A federal judge said the rights of registered sex offenders are not violated because of a stamp on their passports that alert foreign governments of the offender's past crimes.
Seven registered sex offenders sued he federal government over the stamp issue, but U.S. District Court Judge Phyllis Hamilton of Oakland said the group hadn't proven they wold be hurt by the practice, which is a result of the International Megan's Law, which warns foreign governments of registered sex offenders entering their countries.
"The court finds that plaintiffs have failed to establish standing, because they have not alleged a certainly impending injury fairly traceable to the International Megan's Law provisions that they challenge, or which is redressable by the relief sought in the first amended complaint," Hamilton wrote, according to Courthouse News Service. "Because the passport provisions are not yet in effect (and the procedures have not been finalized), plaintiffs cannot show a certainly impending injury."
Hamilton added: "Plaintiffs speculate regarding the possible impact of a passport identifier, suggesting that individuals carrying such passports will be at risk of harm from unknown third parties. Such speculation cannot provide a basis for challenging the statute when the identifier provisions have not even been implemented. Because it is unknown what form the identifier will take, or any of the other details previously discussed, plaintiffs cannot show that they will suffer hardship if the court withholds review."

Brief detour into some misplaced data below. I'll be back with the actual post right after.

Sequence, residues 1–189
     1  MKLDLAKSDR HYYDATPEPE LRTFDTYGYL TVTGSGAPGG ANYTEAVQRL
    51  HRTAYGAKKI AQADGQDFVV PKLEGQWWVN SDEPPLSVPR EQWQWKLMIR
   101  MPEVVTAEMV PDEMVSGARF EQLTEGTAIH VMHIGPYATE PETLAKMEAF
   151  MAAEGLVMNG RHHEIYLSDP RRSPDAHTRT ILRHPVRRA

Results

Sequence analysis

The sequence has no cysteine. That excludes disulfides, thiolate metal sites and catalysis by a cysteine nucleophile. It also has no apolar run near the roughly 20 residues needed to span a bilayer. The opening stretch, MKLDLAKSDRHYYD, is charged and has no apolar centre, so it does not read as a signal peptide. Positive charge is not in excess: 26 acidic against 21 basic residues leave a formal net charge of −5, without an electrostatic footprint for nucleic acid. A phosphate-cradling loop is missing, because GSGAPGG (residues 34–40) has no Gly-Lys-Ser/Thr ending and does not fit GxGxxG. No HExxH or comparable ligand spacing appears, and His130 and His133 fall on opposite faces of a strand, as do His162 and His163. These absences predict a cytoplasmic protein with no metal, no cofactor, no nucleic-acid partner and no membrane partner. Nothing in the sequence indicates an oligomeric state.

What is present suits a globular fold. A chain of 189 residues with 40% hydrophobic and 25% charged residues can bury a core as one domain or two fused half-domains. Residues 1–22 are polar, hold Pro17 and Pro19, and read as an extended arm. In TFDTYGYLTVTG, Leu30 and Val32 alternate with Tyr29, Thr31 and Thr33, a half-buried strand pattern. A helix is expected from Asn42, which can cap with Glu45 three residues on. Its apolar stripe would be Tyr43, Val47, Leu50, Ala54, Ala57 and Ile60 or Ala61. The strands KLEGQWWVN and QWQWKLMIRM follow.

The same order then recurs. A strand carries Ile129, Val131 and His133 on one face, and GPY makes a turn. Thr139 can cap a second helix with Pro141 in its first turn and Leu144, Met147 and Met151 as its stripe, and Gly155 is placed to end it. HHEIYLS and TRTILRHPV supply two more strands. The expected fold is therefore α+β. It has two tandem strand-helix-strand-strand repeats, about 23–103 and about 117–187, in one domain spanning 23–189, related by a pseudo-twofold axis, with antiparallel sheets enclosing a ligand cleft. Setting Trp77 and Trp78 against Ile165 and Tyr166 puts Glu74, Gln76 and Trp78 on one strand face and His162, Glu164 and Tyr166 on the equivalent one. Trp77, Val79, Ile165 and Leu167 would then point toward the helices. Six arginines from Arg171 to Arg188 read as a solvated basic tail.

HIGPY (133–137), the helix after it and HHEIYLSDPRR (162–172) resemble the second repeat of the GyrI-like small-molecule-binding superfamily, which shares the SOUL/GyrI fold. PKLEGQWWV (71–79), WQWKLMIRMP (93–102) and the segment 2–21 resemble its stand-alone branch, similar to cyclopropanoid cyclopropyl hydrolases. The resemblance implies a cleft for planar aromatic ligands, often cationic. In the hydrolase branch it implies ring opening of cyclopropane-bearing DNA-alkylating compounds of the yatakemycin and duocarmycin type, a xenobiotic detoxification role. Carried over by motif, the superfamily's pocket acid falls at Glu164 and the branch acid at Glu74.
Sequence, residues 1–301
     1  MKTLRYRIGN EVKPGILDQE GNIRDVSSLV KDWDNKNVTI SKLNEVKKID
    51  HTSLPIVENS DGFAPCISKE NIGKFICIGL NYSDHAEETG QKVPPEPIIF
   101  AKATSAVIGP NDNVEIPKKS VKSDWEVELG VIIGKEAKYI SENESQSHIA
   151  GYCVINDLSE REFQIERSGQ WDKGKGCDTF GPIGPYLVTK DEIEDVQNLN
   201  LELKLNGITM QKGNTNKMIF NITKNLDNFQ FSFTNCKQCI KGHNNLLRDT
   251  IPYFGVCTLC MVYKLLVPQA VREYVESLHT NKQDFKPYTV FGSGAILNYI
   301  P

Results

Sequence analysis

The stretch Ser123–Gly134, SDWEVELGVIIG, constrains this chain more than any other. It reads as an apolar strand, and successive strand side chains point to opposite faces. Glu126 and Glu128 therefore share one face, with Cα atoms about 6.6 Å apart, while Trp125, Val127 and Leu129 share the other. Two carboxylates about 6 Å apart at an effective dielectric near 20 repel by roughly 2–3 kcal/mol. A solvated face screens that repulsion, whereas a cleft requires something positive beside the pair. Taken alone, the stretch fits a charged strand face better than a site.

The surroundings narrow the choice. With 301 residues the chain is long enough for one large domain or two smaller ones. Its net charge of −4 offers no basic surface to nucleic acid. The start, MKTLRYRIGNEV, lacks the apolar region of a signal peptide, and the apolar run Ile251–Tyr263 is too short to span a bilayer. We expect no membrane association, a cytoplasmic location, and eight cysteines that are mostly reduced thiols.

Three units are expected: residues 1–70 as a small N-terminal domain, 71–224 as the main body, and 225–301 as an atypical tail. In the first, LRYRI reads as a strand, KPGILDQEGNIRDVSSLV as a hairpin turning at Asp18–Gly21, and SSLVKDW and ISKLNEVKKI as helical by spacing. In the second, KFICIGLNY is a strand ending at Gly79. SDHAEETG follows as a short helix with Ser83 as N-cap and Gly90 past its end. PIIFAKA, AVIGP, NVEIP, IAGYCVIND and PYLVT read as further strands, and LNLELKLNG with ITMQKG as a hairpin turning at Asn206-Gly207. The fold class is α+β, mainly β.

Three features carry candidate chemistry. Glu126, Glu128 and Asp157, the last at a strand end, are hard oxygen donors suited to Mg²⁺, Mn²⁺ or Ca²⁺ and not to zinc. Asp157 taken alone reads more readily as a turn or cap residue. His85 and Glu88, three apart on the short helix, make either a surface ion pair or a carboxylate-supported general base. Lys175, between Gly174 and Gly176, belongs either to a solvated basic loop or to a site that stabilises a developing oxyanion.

Janice Bellucci, an attorney for the plaintiffs, all of whom filed anonymously, said her clients would be put in danger when traveling to foreign countries.
“Our U.S. federal government is telling other countries that the person they’ve just marked on the passport is likely to engage in child sex trafficking or child sex tourism,” Bellucci said, according to SF Gate.
One of the plaintiffs said he needed to travel to Iran to claim an inheritance, but the stamp could put his life in danger. And Bellucci said she believes the court's ruling is essentially waiting for that to happen before reconsidering the protocol.
"You have to wait until somebody travels to Iran and they're murdered because their passport has been stamped," she said.
But Hamilton said a factual statement is not an opinion of character and shouldn't necessarily be considered a disparaging remark of that person.
"It is not the speech of the passport holder that is at issue, any more than the speech of the holder of a government-issued identification card is at issue with regard to identifiers such as name, date of birth, height, weight, or eye color,” the judge wrote.